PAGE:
Members of the Saskatoon city council and the board of police commissioners met on Wednesday to further discussions on drug decriminalization for the Bridge City.
No concrete decisions were made, but University of Saskatchewan (USask) public health professor Barb Fornssler says this is an important step, especially for those dealing with drug issues.
“In 2022 we have 137 suspected cases and 24 confirmed (overdoses). We aren’t even in the peak of summer yet. So the faster the better because it will ease pathways to health care,” said Fornssler.
There is still work to be done to this point, as well as the work that still needs to be done to support the decriminalization of the possession and use of small amounts of drugs.
“What that means is we would no longer be criminalizing the use of substances and enacting criminal penalties. We would seek to connect people who may have found substances with health or social service providers,” Fornssler told Global News.
Saskatoon police Chief Troy Cooper says he is happy with the work shown to this point, but there is still plenty of work that needs to happen, including that of police, in order to bring the talks to fruition.
“A proper drug response to our community needs to be a broad strategy that includes treatment, safe supply and housing on top of decriminalization,” said Cooper.
Fornssler was part of the two-professor team that provided the second report looking at the research providing analysis and feedback on how decriminalization might work for Saskatoon, which is important since every jurisdiction is relatively unique and the subsequent response requires an integrated approach from various stakeholders — essentially, how it would help those who use drugs.
“Our rapid evidence review focused on the effects of decriminalization. Future work is anticipated to consider the evidence on different models of decriminalization, with early evidence from Canada indicating that the process of developing decriminalization of personal possession framework for the city of Saskatoon,” said the report.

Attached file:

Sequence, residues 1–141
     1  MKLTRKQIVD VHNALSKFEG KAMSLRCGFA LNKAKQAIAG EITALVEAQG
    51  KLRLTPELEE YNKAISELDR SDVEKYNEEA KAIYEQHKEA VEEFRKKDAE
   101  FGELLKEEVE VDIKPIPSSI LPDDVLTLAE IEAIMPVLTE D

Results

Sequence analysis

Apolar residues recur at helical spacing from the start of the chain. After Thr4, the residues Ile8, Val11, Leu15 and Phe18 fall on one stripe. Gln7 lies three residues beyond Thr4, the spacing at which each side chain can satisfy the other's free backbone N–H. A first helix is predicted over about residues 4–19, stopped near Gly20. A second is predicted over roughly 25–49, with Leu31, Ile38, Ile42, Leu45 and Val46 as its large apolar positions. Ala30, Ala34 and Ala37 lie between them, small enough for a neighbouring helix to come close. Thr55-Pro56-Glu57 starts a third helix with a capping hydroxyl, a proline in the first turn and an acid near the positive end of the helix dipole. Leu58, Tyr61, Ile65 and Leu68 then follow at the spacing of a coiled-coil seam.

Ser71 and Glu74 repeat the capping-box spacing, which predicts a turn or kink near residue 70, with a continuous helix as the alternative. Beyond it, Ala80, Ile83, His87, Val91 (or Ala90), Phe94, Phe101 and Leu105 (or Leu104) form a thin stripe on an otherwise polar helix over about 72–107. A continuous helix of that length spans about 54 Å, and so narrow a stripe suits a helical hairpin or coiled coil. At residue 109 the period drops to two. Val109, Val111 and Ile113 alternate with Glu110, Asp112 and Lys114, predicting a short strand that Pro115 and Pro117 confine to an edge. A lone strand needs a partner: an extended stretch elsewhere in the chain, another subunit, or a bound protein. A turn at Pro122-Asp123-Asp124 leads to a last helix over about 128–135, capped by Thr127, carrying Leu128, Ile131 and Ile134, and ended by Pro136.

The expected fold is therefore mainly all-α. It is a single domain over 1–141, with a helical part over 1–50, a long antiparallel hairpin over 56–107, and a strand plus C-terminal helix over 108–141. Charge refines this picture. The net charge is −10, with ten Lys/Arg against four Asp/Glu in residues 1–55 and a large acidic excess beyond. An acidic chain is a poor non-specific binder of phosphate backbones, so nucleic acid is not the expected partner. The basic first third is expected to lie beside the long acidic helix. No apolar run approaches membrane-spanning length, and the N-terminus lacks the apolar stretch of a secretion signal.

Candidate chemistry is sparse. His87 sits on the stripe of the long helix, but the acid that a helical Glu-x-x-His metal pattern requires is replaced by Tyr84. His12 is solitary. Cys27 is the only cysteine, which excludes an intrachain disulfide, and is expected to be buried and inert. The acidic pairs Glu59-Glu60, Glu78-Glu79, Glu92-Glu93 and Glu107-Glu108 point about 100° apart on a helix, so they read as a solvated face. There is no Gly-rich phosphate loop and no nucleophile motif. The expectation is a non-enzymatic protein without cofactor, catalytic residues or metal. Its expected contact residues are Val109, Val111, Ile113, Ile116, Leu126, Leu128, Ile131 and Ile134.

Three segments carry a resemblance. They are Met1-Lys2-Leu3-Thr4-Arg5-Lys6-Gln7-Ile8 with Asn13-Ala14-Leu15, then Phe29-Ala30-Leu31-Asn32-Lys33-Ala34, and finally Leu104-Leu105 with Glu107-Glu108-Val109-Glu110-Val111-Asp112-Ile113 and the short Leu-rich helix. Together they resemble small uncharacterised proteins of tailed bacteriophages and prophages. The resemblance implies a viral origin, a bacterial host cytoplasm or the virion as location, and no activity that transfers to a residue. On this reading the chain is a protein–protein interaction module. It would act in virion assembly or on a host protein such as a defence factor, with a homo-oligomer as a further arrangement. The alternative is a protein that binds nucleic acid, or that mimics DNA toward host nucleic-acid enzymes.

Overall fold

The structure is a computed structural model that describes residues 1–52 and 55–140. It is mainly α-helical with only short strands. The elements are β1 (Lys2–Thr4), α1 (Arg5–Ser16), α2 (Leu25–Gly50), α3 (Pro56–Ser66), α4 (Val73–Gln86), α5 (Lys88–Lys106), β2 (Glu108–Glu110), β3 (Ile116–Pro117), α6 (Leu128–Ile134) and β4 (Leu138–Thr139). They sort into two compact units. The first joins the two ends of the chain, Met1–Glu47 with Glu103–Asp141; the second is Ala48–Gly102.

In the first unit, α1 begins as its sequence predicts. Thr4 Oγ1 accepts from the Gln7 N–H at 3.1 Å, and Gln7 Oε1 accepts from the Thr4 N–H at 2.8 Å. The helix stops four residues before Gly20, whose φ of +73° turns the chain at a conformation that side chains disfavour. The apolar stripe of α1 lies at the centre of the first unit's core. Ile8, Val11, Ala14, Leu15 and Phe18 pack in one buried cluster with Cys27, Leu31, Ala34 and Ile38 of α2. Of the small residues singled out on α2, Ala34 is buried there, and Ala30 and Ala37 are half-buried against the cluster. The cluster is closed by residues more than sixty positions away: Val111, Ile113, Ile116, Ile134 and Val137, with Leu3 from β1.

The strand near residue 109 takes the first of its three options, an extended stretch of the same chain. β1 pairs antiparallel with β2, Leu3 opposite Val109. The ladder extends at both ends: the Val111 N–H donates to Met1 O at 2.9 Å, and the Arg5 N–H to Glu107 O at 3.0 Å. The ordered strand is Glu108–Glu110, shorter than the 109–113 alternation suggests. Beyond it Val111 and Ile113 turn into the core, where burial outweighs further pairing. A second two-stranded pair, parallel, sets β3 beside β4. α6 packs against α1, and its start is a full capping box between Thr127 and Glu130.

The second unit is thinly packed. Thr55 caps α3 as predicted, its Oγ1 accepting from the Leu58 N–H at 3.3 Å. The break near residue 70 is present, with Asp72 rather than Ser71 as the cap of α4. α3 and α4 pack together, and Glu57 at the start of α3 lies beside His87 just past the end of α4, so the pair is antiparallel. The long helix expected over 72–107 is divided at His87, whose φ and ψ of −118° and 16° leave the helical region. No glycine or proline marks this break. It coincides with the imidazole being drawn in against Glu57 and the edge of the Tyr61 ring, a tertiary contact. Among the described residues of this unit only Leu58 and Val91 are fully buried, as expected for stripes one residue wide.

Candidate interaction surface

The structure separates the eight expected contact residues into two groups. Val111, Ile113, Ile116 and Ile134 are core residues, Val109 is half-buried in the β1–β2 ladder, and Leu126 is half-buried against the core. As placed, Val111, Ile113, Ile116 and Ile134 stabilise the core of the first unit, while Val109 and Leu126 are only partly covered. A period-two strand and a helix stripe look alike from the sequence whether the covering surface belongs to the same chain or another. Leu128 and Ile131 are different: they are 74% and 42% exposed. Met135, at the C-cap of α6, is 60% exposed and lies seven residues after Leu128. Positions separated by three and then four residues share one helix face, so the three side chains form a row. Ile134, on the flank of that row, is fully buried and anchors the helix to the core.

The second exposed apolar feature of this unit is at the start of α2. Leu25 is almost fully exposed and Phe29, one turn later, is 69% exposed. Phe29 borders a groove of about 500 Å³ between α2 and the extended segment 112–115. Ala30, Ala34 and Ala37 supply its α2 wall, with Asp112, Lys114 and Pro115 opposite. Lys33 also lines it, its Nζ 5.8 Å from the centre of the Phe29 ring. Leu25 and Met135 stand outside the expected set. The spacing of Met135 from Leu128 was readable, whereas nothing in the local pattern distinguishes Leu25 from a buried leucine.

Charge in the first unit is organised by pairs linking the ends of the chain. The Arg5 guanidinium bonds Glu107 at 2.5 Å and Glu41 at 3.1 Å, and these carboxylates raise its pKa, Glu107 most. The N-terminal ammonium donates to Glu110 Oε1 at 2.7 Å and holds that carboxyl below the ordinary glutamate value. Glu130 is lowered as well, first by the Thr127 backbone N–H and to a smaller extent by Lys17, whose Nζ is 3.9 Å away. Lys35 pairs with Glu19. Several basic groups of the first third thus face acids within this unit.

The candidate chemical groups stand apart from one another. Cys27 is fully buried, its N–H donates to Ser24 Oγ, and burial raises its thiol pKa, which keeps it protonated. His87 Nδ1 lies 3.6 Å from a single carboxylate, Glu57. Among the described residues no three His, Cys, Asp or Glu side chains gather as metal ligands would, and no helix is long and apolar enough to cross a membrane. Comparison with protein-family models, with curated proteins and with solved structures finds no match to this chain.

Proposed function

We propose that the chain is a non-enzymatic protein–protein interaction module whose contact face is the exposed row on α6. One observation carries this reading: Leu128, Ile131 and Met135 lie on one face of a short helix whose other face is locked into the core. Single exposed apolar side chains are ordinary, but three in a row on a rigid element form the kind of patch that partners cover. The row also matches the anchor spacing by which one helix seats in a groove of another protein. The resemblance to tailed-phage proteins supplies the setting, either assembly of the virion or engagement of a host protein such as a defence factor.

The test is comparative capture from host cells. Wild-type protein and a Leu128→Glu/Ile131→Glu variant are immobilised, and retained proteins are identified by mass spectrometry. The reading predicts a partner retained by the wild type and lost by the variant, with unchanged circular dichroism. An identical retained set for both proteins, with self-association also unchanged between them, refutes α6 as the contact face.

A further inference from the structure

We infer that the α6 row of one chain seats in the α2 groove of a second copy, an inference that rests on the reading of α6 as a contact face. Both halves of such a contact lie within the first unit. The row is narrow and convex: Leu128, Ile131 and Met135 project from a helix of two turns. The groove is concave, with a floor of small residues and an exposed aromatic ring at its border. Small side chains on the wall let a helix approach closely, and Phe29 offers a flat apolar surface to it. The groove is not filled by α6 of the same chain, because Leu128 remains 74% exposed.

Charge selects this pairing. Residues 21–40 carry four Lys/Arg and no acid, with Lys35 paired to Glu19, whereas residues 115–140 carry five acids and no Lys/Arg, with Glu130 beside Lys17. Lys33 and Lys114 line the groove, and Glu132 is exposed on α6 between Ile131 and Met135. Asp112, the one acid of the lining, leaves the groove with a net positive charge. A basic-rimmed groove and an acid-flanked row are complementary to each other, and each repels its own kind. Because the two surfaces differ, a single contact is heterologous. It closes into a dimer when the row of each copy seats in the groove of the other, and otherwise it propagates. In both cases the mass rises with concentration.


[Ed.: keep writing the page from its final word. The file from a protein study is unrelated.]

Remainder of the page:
“It should be done with the input of People With Lived or Living Experience (PWLLE), health providers, local police services, and community organizations who are providing services in this area of care.”
Mayor Charlie Clark said in the meeting that there isn’t alignment with the provincial government on the issue at this time, a hurdle that may need to be overcome before drug decriminalization comes to fruition in Saskatoon.
Additionally, local law enforcement will be a vital part of this, tasked with differentiating simple possession from the intent to traffic, for example, and pointing people towards services for addictions.
“Actually not charging, that’s not what we are talking about with decriminalization. We are talking about finding pathways to take people from the justice process into a health-care process,” said Cooper.
Cooper adds he would like to keep an eye on other jurisdictions around Canada such as Vancouver and British Columbia to see how their strategies on this matter pan out.
Similar discussions are expected to happen in Regina next week.